A new 100-home subdivision at Murrumbateman will add 60 per cent more housing to the village and trigger other infrastructure and commercial developments.
Winemaker and developer Graeme Shaw said Yass Valley Council's approval this week would mean a new sewerage system and eventually town water from Yass reservoir to supplement local bores, which were adequate.
On 19 hectares adjoining the village, the staged development, which will include a commercial and tourism precinct with a four-star hotel, will strengthen the case for water ultimately coming from Canberra to Murrumbateman and Yass, Mr Shaw said.
Enough young families should re-settle from Canberra to build a primary school in the village, he said.
Mr Shaw will offer 800 square metre blocks from $260,000, and 1250 square metre blocks for $310,000.
Stage one will create about $20 million in housing and two more stages will follow over the next 20 years.
"This is a great boon for the whole area, tourism, wine industry, it will add 60 per cent of housing to the village,'' Mr Shaw said. "No land has been released since the late 1800s in the village, it's only been the outlying rural residential, the bigger lifestyle blocks.''
A former Canberra developer, Mr Shaw left 28 years ago and has since established a major winery at Murrumbateman. When the Howard government slashed the public service in 1996 he was developing the Braddon Gardens residential project.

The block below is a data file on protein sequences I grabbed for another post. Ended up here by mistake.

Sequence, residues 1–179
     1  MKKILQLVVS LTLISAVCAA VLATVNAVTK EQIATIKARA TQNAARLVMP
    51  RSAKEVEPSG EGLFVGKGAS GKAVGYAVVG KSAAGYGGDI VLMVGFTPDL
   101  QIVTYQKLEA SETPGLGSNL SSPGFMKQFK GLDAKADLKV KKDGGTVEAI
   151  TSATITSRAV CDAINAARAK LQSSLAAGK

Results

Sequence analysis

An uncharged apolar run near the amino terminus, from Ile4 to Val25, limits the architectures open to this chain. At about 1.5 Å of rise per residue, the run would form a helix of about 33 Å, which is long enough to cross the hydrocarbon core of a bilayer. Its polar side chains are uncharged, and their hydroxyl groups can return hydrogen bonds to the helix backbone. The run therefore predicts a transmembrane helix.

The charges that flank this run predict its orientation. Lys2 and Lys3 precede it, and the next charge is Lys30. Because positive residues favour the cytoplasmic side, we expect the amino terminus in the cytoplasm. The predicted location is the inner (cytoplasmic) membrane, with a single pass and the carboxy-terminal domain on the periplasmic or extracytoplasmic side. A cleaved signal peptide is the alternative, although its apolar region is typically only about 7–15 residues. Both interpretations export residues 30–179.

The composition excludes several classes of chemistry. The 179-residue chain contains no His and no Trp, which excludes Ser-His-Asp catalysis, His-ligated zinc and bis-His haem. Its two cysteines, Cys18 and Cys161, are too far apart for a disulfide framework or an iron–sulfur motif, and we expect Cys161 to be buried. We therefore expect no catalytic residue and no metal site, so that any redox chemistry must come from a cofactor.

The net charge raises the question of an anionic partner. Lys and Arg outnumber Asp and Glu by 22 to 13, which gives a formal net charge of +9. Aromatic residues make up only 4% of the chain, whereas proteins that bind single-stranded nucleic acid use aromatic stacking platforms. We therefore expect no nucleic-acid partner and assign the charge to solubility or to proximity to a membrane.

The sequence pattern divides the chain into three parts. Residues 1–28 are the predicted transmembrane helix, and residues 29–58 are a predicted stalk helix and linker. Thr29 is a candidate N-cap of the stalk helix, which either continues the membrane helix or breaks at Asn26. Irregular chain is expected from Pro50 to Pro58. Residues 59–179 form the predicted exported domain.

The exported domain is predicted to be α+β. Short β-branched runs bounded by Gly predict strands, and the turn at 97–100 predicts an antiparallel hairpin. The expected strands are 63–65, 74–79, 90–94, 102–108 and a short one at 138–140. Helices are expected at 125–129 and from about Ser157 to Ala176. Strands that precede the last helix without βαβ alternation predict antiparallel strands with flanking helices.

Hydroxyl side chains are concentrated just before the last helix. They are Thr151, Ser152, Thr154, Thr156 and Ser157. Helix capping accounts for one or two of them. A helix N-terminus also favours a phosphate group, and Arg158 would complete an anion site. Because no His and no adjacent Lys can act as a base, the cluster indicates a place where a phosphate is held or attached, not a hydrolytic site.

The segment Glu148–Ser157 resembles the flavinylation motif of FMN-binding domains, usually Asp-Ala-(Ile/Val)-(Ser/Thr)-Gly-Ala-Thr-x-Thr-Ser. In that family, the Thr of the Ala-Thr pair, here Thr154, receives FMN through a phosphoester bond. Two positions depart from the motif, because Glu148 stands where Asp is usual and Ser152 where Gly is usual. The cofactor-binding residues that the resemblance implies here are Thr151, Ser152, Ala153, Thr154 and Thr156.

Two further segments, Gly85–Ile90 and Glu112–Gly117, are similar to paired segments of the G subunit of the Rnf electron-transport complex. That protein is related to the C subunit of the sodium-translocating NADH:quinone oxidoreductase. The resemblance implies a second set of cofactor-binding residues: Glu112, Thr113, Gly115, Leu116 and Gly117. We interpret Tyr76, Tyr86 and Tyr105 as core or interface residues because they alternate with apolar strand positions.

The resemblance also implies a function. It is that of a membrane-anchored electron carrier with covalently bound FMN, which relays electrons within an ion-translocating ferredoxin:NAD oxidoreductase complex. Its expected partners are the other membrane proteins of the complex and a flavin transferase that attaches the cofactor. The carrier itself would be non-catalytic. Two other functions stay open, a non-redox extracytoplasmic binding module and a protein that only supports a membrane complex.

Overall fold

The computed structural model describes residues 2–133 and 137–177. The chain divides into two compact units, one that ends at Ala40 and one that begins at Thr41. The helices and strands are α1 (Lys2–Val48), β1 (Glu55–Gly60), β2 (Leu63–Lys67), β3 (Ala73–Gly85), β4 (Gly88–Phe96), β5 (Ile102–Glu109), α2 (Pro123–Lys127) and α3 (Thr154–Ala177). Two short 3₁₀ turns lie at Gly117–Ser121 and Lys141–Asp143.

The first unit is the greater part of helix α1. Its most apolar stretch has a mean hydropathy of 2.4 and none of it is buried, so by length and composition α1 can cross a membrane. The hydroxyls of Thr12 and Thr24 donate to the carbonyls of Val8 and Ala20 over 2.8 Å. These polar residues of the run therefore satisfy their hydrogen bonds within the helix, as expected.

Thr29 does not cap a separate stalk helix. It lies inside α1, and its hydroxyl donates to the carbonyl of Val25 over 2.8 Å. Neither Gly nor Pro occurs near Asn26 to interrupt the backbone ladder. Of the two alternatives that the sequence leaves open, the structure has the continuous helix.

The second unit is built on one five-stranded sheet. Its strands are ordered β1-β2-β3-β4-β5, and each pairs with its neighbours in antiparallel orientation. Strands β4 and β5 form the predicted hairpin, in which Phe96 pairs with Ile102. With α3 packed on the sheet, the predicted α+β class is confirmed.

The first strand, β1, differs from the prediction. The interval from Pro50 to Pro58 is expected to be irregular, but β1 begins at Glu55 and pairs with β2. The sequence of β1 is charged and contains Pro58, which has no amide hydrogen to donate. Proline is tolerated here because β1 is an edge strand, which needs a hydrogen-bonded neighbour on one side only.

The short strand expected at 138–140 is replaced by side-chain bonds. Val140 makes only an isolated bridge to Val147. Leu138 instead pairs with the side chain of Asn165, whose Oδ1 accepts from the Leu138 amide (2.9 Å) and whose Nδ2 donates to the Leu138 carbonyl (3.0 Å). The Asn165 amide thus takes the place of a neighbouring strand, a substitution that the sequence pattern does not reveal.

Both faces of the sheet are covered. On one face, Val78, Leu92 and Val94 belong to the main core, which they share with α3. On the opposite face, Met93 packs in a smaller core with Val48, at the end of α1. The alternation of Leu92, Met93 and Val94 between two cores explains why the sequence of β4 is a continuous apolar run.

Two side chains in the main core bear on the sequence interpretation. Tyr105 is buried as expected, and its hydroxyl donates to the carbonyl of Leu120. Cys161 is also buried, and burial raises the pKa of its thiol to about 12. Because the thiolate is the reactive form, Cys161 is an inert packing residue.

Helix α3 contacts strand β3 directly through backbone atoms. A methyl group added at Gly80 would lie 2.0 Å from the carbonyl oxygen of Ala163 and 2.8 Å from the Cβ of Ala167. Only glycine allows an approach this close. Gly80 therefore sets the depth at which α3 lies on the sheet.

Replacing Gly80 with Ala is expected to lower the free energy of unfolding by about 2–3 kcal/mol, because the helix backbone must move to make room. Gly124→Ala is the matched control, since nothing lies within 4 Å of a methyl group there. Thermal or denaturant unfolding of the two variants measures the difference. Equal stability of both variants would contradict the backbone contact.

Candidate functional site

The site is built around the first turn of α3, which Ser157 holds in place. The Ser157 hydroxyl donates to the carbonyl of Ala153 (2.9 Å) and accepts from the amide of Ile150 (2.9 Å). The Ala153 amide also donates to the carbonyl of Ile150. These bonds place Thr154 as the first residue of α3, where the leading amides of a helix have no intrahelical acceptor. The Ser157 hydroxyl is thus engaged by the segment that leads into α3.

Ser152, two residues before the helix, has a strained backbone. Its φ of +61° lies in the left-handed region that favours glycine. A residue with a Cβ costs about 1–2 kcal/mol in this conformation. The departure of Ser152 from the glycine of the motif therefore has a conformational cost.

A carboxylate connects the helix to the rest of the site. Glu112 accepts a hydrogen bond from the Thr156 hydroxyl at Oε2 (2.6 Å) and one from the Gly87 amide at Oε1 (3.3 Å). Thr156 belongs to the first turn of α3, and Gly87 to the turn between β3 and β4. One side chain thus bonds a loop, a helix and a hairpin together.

He also built offices, restaurants, and Commonwealth and ACT government buildings, and is optimistic despite the latest public service cutbacks. ''I don't think we are going to see anything like we saw [in 1996],'' he said.
''People are going to retire, they will take a redundancy package and stay here,'' he said. ''The whole economics, the whole base is just so different.''
The new subdivision is named ''Fairley'' after a Murrumbateman teacher of the 1800s. It will include a commercial/ tourist precinct with an international hotel chain as a tenant, boutique brewery, bakery, childcare, visitors centre and cafe and children's park, medical services and post office.
"Our competition is probably more [new Queanbeyan subdivision] Googong. Tralee, probably not so much, as far as block sizes, no one comes near us. We are a totally different demographic to Bungendore,'' Mr Shaw said.
"We have over 12,000 cars coming past us every day.''
Mr Shaw said he would like to see the Barton Highway duplicated, but thought the road was not the primary cause of high road fatalities.
"The big issue is people from Sydney and Melbourne on dual highways and suddenly they're on a single one. A lot more cars are held up. People overtake at stupid places.''
The federal budget allocated $8.6 million for safety improvements on single lane sections of the highway.
Two commercial areas separate Fairley from the Barton Highway. North of the existing village, cycling and horse trails separate the new development from the village.
Yass Valley Council general manager David Rowe said Murrumbateman's town bore drew from a local groundwater aquifer and Fairley had its own bore.
"Council is currently investigating options in supplying water to Murrumbateman from both Yass and Canberra,'' he said.
Mr Rowe said Murrumbateman sewerage system was planned for construction in early 2015.